When the schedule is released on Thursday night, the specific configuration of 256 regular-season games will be scoured for clues regarding contingency plans that the league surely has formulated, given the pandemic. Some will be obvious. Some may not be.
A sense has been percolating for weeks now that the league will schedule interconference games exclusively during the first four weeks of the season, allowing for the first month to be scrapped and a season of 12 games to determine postseason positioning based solely on games against other teams from the same conference. Whether that’s indeed the case will be known from the moment the sheet is removed from the 2020 schedule.
Other clues may be harder to spot. For example, will the schedule allow for the possibility of certain teams sharing stadiums? If, for example, games can’t be played in California (either in open stadiums or at all), would the three California teams be relocated for the year to places where fans may attend?
The Chargers could play in Phoenix, for example. The Rams could play in Las Vegas. The 49ers could go to Denver. For something like that to happen, the team that usually plays in that stadium and the team that temporarily would be playing in that stadium would need a schedule that doesn’t conflict. Those teams would need to have home games on different weeks or home games separated by one or more days on the same weekend.
The phenomenon could apply on the East Coast, too. What if New York and New Jersey decline to open stadiums or permit teams to play in closed stadiums? The Jets, Giants, and Bills could head to Florida, with their home games played in Tampa, Jacksonville, and Miami, not necessarily respectively.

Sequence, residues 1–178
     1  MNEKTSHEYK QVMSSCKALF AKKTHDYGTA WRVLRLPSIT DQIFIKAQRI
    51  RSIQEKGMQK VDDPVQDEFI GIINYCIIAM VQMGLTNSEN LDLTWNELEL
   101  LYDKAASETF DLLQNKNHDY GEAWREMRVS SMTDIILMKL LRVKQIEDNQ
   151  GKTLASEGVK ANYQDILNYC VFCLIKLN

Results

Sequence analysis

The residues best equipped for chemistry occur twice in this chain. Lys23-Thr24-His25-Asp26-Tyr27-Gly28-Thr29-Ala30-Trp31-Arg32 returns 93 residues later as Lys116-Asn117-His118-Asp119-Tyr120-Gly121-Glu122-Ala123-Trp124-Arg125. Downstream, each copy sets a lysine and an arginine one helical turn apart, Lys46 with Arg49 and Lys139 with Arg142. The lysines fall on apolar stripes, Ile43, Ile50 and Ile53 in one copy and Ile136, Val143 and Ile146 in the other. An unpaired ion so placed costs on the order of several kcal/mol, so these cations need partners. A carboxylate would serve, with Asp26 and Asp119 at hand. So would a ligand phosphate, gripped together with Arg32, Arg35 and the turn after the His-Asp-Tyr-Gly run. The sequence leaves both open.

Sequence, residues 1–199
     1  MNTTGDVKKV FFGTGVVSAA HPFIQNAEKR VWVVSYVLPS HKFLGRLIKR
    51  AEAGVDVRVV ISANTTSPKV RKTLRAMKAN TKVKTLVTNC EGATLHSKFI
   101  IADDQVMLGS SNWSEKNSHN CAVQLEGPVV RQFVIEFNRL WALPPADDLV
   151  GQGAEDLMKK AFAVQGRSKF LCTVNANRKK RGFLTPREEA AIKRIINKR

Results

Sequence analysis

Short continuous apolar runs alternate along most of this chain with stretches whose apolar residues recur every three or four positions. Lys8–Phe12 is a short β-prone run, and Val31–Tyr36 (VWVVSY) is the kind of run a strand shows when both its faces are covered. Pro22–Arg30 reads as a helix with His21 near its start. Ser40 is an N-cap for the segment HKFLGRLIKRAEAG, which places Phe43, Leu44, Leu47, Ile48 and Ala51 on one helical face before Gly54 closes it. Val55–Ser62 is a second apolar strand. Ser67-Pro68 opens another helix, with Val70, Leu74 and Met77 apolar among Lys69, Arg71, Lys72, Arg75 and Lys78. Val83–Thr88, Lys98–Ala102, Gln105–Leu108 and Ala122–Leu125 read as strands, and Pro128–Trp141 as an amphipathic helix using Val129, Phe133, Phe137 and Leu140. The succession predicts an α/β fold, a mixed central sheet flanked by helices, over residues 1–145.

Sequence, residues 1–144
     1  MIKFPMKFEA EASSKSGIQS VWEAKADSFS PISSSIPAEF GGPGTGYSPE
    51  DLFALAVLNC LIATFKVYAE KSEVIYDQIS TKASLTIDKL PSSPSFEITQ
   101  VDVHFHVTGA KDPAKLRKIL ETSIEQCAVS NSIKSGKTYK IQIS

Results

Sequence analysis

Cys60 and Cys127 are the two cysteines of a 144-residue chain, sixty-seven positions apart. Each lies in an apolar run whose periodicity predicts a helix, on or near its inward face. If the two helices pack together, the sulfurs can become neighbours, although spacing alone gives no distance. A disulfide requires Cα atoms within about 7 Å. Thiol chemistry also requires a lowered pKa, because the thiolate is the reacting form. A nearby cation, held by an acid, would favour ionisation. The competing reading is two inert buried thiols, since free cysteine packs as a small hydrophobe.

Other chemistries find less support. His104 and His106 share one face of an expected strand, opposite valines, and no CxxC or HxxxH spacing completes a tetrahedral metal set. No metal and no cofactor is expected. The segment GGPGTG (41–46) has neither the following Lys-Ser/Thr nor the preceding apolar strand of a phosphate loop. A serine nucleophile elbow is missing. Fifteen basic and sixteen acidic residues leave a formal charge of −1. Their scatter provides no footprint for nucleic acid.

The scheduling process already is complex enough without cross referencing schedules of teams in states that may not open stadiums with teams in states that may. Still, it will be interesting to see whether the schedule leaves the door open for the possibility of a home team in a state expected to be open later this year sharing space with a team from a state that could be closed.
The mere fact of leaving the door opening for doubling up will have another potential impact on the effort to get the games played. If the NFL has the option to relocate teams for 2020 from states that won’t let games proceed to states that will, the league will have real leverage in the inevitable discussions/negotiations with governors and other politicians regarding the effort to get all games played.